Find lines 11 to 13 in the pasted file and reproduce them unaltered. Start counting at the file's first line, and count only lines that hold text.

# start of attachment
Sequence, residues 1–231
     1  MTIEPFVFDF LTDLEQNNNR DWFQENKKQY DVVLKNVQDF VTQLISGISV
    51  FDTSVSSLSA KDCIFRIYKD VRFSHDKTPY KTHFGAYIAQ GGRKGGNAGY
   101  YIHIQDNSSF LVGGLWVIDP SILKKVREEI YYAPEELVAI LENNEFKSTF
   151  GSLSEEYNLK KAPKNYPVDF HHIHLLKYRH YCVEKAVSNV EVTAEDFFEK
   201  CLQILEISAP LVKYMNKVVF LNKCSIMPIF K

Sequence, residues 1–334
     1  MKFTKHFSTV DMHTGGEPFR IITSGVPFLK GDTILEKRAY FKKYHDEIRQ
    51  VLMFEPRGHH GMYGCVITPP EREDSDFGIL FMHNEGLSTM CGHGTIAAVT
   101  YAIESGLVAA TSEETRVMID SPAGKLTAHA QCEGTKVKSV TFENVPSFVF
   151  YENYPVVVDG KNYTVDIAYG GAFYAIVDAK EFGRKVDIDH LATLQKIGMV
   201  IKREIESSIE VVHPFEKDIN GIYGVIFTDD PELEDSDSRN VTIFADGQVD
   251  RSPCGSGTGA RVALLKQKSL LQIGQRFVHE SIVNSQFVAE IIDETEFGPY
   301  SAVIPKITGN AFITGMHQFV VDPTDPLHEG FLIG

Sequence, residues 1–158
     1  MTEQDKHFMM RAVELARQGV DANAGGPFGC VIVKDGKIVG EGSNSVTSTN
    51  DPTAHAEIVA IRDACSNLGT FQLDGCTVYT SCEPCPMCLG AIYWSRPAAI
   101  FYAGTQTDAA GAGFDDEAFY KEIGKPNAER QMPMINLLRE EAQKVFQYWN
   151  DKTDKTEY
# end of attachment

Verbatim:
   151  YENYPVVVDG KNYTVDIAYG GAFYAIVDAK EFGRKVDIDH LATLQKIGMV
   201  IKREIESSIE VVHPFEKDIN GIYGVIFTDD PELEDSDSRN VTIFADGQVD
   251  RSPCGSGTGA RVALLKQKSL LQIGQRFVHE SIVNSQFVAE IIDETEFGPY